I often contribute to StackExchange websites, mainly to the Webmasters StackExchange as SEO is the main topic there.

I plan to go over all of my (successful) answers on the Stack Exchange website and dive deeper in my blog.

Table of Contents

  1. Should I use a canonical tag when only 50% of the content is duplicated?
  2. Understanding the W3C spec and blockquote
  3. The decision making process in using canonical urls
  4. Unique content =/= uniquely written content

ChristianSch asked the following question on the Webmasters StackExchange:

Should I use a canonical tag when only 50% of the content is duplicated?

Christian's problem is a common one with large scale data-driven websites regarding just what to do with partial duplicate content.

Sometimes blocks of content have a 'home base' - the main source of the content to provide information to a user. However this content is useful when used elsewhere on the website when aggregated into a more functional form.

In Christian's case, this is a city guide website covering bars, restaurants and clubs. Christian uses the description from the venue's home website.

Because the venue page contains only partial content, he wonders just if a cross-domain canonical tag would be appropriate for this?

Understanding the W3C spec and blockquote

Fortunately this is not the first time in the history of the universe attribution has occured.

The W3C spec for HTML specifically designed for this use case with the <blockquote> tag.

For extracted content from a source, use this HTML:

<blockquote cite="http://venue-website/venue-description-page" title="Published title, author, date">
Your extracted content

The cite attribute for blockquote content was designed specifically for this use case in the DOM.

Google wouldn't be doing their job properly if they didn't respect the intent of W3C.

There is a very similar answer that highlights the use of blockquote for SEO purposes: Does Blockquote help or harm SEO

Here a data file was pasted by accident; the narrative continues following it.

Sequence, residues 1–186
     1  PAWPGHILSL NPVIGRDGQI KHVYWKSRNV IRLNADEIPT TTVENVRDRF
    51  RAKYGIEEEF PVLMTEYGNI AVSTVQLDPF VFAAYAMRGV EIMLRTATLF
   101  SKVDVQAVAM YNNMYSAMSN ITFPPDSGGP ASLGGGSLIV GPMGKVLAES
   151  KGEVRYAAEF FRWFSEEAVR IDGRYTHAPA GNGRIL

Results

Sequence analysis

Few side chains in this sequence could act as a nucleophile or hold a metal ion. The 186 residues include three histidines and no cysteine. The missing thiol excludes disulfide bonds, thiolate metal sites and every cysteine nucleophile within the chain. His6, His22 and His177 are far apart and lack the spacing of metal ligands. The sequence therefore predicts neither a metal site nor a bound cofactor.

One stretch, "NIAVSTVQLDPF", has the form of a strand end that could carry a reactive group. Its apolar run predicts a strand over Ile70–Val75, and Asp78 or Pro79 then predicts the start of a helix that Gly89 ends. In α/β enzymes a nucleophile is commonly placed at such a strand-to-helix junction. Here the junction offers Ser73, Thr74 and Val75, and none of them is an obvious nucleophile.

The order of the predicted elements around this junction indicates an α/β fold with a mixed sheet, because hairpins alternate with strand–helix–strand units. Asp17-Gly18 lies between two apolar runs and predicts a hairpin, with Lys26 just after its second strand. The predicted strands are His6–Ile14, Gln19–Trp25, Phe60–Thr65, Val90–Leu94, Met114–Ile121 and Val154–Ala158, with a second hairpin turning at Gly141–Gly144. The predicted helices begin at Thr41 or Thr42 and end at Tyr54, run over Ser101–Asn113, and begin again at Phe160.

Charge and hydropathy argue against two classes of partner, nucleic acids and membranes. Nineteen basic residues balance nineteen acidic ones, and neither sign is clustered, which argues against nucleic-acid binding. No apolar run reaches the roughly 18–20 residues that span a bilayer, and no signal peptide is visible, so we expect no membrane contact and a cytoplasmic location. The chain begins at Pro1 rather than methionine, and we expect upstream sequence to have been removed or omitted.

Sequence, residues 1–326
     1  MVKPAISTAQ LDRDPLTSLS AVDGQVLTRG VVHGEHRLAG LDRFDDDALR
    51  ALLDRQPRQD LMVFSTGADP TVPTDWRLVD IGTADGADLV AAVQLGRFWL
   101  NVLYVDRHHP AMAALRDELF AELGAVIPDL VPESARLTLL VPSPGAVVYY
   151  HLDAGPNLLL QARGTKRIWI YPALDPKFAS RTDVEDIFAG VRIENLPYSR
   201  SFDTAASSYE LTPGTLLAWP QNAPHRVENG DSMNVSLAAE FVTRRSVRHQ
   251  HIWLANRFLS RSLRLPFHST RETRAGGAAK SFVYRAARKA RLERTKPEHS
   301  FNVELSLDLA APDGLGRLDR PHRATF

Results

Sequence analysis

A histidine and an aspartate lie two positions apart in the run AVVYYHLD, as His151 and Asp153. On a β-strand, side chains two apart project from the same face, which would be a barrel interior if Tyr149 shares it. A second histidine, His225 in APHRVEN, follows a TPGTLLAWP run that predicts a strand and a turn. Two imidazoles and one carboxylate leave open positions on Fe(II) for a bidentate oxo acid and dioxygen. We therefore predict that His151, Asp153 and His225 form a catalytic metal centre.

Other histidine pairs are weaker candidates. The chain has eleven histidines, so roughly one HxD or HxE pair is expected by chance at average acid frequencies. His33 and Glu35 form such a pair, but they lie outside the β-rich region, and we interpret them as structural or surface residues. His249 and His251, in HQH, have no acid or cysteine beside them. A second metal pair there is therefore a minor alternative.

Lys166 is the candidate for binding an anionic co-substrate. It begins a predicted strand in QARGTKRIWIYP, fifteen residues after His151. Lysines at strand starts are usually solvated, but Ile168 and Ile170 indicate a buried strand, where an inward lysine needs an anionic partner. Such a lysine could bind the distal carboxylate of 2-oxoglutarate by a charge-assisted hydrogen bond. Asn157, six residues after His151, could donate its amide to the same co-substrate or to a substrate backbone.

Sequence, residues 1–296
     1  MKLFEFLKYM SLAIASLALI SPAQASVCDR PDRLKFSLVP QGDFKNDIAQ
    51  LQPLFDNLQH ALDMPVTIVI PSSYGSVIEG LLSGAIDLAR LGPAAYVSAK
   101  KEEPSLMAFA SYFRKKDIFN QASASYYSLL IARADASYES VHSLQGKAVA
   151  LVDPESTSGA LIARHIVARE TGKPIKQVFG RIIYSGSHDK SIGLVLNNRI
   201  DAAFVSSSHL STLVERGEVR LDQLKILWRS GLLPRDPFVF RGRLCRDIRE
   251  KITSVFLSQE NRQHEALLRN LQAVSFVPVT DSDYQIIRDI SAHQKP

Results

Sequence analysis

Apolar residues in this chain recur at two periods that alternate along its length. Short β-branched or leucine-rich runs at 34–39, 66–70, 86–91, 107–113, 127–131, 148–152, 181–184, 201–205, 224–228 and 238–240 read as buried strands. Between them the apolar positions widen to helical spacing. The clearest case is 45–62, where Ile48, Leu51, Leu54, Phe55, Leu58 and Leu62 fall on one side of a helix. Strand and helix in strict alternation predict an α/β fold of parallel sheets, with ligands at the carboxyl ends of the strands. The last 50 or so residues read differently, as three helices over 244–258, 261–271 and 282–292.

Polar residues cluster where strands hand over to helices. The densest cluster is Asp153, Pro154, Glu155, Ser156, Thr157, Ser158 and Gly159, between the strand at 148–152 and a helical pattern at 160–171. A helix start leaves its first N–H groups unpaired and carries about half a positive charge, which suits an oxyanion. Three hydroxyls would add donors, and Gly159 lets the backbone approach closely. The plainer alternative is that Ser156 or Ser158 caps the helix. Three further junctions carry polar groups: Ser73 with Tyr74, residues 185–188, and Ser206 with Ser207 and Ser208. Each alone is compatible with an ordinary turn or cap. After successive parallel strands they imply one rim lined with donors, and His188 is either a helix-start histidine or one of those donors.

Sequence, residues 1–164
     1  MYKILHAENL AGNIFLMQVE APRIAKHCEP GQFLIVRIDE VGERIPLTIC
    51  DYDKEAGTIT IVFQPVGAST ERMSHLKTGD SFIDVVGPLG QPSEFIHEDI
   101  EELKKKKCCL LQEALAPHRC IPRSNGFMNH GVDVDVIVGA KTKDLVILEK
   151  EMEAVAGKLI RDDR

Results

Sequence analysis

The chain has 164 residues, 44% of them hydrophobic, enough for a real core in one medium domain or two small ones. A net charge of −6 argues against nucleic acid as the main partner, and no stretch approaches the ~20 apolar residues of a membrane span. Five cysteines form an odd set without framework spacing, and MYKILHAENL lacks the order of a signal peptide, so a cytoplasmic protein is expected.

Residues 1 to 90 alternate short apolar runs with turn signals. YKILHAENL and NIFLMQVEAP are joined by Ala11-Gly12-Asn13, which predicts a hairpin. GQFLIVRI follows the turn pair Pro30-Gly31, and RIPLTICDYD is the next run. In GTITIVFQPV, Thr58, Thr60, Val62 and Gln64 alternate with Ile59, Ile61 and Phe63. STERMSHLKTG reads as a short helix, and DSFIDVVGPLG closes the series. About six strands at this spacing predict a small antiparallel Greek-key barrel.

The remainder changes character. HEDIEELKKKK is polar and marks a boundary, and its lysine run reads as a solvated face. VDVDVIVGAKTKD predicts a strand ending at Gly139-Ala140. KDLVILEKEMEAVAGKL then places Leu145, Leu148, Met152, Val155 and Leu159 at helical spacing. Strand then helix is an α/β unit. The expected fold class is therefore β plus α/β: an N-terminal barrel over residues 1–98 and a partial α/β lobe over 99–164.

Of course the use of other content and ranking a page with borrowed content is very subjective and will be discussed hours on end within SEO circles.

The decision making process in using canonical urls

The choice on whether or not to use the canonical url depends on whether you want to attract organic traffic for example.com/target-url - and more importantly what kind of traffic.

If Christian was trying to compete for the brand name of the bar or venue, he should re-evaluate his content and out of courtesy place a canonical link to the content source.

But he isn't.

bar name review is a perfectly valid search intent to compete for and validates the existence of the page as unique content designed to serve the user.

There are many pages on the internet that do indeed attract organic traffic that use almost exclusively borrowed content. Lists, resource pages and reviews are great examples of this because they primarily serve the search intent.

Unique content does not necessarily mean uniquely written content.

This mind set comes from SEO practices when attempting to scale by reusing the same resources but trying to game search engines that each piece of content was indeed uniquely written.

Offering additional value to existing content such as criticism, analysis, insights or context would be the best way to justify the purpose of partial duplicate content.

The only canonical link Christian should have on his web pages are the ones for his permanent urls.